Periods and Pain Go Hand in Hand
- Posted on: Apr 30 2018
Let’s be honest here; there is no period that doesn’t involve some amount of pain. Menstrual cramping is a normal side effect of the shedding of the uterine lining. Even if a woman does not describe her periods as painful, cramping is the norm. What if period pain feels like it’s a little too much? Does this mean you are weak and need to put on your big girl panties? Or could period pain signal a real problem? Either one of those options feels less-than-pleasant, so let’s set them aside. For now, what we’d like to do is focus on the facts of period pain.
The period pain of any kind is referred to as dysmenorrhoea. It may describe the mild back and abdominal pain that some women sense a few days before their period starts, or it may describe the kind of pain that doubles you over and makes you stay in bed for a day or two. These painful sensations may be accompanied by fatigue, moodiness, abdominal swelling or bloating, and breast tenderness.
Two Sides of the Same Coin
Dysmenorrhoea may be a primary or secondary condition.
Primary dysmenorrhea is pain that is brought on by menstruation. This condition is directly related to the contractions of the uterus as it sheds its lining. During this time, circulation to the uterus diminishes, which may further exacerbate menstrual pain. Primary dysmenorrhea tends to be felt in the lower abdominal area and the back. Some women also sense pain down the front of their thighs, and may also feel nauseous when uterine contractions are at their most intense.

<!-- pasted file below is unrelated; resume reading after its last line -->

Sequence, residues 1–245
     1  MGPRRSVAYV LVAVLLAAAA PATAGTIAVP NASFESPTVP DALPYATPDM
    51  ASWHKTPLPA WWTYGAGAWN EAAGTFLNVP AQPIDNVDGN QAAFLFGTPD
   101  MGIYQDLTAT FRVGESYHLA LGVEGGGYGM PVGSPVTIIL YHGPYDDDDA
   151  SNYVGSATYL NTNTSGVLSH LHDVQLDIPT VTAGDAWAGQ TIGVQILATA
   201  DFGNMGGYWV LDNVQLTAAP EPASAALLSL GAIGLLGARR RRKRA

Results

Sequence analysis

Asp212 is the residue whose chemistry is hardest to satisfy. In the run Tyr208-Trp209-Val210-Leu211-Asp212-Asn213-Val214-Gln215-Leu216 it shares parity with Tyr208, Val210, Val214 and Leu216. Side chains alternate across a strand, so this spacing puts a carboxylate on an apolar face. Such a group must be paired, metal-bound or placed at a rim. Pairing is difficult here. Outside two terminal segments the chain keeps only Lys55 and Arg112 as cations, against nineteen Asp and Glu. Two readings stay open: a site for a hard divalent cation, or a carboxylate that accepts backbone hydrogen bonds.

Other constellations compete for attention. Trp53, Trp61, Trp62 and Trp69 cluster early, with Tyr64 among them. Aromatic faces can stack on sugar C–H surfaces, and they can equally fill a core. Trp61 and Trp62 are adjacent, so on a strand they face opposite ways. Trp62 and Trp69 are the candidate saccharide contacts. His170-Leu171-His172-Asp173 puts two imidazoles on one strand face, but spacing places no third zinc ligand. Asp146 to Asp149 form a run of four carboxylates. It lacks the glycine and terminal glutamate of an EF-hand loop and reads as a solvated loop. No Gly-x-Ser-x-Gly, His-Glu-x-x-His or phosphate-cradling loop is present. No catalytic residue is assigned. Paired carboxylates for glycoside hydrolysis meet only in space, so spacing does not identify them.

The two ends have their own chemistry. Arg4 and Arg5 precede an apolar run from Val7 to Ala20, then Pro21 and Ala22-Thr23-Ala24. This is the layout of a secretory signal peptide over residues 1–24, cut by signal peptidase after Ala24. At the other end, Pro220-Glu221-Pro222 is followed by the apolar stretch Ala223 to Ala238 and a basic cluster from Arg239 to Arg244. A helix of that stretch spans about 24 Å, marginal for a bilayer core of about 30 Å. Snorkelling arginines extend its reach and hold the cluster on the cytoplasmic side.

Secondary dysmenorrhea is the term that doctors use to describe the period pain that is not directly related to uterine contractions. This type of “period pain” may occur at any time through the cycle. It may coincide with longer or heavier periods and may occur alongside painful intercourse. This type of period pain may indicate something as minor as pelvic infection, or something as concerning as endometriosis.
If you experience period pain that does not decrease with strategies like taking over-the-counter pain relievers or a hot bath, contact Grace OBGYN. There is no need to worry about period pain, but there is value in consulting with your gynecologist to uncover a potential reason for this symptom.
It is important for every woman to be an informed patient. To discuss your health and wellness with an experienced physician, call 817-776-4722. We serve women from the Granbury, Cleburne, Willow Park, and S. Fort Worth areas.
Posted in: Abnormal Uterine Bleeding/Irregular Periods